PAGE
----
Path Objects

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Path Objects

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There are certain geometric objects in Sketchpad on which you can construct and animate points. These objects are collectively referred to as path objects. Path objects include:

straight objects (segments, rays, lines, and axes)



polygons and other interiors (the perimeter of an interior forms that interior’s path)

point loci, function plots, parametric plots, and sampled transformed paths

There are several commands that apply to path objects:

Use Construct | Point on Object to construct a point on a path.

Use Display | Line Style to set the style of most paths.

Use Measure | Value of Point to measure the value of a point on a path.

Use Graph | Plot Value on Path to plot a point at a particular position on a path.

Animate a Point on a Path

When a point is constructed on a path, you can animate the point along the path, either by choosing Display | Animate or by creating an Animation button.

To animate an independent point along a path, you must first merge the point to the path.

Construct a Locus Using a Path as the Domain

If the intended locus driver is a point on a path, the path is automatically used as the domain for the driver.

Select the driver and the driven object. Then choose Construct | Locus.

If the intended locus driver is an independent point, you must select the path to use it as the domain.

Select the driver, the path, and the driven object. Then choose Construct | Locus.

Auto-Dashing of Coincident or Collinear Paths

When you construct a path coinciding with, or collinear to, a longer path (for example, when you construct an arc on the circumference of a circle, or when you construct a segment along a line), the longer path becomes dashed to better display the shorter path coinciding with it.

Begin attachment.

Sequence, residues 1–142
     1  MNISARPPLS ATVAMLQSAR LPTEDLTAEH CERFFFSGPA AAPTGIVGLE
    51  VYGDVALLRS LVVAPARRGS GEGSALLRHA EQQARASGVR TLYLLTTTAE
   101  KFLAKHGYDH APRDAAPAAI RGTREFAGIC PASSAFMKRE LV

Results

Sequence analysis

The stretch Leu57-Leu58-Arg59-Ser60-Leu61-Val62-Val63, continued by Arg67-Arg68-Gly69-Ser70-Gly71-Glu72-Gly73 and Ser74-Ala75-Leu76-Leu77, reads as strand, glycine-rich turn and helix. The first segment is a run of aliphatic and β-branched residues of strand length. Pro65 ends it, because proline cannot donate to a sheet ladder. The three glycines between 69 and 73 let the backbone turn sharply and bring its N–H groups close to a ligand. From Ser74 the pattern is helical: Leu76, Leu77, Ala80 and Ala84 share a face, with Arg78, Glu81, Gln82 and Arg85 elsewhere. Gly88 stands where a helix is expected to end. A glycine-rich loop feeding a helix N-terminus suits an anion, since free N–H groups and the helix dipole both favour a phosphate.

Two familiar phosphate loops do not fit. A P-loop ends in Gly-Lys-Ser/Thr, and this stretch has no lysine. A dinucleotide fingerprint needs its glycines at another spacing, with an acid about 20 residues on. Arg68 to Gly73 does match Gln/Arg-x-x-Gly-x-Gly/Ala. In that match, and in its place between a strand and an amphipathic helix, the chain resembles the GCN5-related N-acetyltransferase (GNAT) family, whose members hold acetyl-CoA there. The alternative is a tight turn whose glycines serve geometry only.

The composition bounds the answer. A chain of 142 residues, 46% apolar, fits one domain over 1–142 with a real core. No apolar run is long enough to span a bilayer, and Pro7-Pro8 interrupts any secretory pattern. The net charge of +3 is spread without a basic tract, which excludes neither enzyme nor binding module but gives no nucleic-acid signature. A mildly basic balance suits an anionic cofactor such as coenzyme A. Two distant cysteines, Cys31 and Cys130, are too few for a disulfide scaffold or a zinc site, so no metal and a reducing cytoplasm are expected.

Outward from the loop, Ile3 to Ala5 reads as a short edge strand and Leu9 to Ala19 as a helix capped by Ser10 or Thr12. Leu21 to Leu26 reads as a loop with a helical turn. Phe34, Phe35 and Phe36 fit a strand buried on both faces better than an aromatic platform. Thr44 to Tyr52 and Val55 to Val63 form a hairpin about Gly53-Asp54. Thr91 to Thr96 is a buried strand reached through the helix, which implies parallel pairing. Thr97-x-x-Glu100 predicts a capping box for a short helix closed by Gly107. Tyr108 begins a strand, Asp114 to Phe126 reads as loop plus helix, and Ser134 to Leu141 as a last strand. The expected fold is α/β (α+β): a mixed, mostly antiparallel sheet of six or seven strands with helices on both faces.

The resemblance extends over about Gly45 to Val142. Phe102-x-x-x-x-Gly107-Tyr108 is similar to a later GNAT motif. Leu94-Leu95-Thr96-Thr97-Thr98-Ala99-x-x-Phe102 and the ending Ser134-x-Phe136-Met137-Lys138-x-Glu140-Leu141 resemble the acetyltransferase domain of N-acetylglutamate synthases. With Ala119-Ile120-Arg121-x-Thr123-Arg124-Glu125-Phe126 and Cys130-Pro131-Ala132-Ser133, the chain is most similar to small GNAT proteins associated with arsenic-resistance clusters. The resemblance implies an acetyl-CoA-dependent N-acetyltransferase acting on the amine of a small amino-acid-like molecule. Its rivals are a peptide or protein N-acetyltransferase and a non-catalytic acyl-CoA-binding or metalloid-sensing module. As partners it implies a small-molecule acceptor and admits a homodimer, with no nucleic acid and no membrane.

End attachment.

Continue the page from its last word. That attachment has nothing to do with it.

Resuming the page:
Since a dashed coordinate axis is seldom desirable, a straight object constructed on an axis is drawn one step thicker than the default line thickness.

Transform a Path Using Translation, Rotation, Dilation, and Reflection

Use Sketchpad’s built-in transformations to create a transformed image of a path.

Select the picture and choose Translate, Rotate, Reflect, or Dilate from the Transform menu. Depending on the transformation you want, you may need to mark various objects or values to serve as center, distance, angle, ratio, or mirror.

These four transformations, and any transformation that combines them, are called similarity transformations because the transformed image is similar to the original: angles and ratios of distances are preserved.

Transform a Path Using a Custom Transformation

Use Sketchpad’s custom transformations to create an arbitrary transformed image of a path.

Use two points, one of which depends on the other, to define a custom transformation.

Select the path you want to transform.

Choose the custom transformation from the bottom of the Transform menu.

If the two points that define the custom transformation are related using only Sketchpad’s built-in transformations, the result is a normal transformed path, just as if you had applied the various transformations directly to the original path.

If the pre-image path is a segment, the image remains a segment; if the pre-image is a circle, so is the image.

If the two points that define the custom transformation are related in some other way, the result is a sampled transformed path.

Sampled Transformed Paths

A sampled transformed path is a custom transformed image of a path object in which the custom transformation doesn’t rely strictly on Sketchpad’s built-in transformations of translation, rotation, reflection, and dilation.

Transformed images constructed using the built-in transformations retain their essential shapes as straight objects, circles, arcs, polygons, and so forth.

Transformed images constructed in other ways may not retain the shapes of their pre-images. For instance, horizontal scaling transforms a circle into an ellipse, and swirling transforms a segment into a curve.

Such transformed images must be displayed using a sampling process: The transformed path is displayed by sampling locations along the pre-image and then transforming each sample to create the transformed image. The smoothness and level of detail of the transformed path depend on the number of samples used. To change the number of samples and whether the transformed path is displayed as continuous or discrete, select the transformed path and choose Edit | Properties | Plot.

When polygons and other interiors are transformed in this way, only the border of the interior is transformed.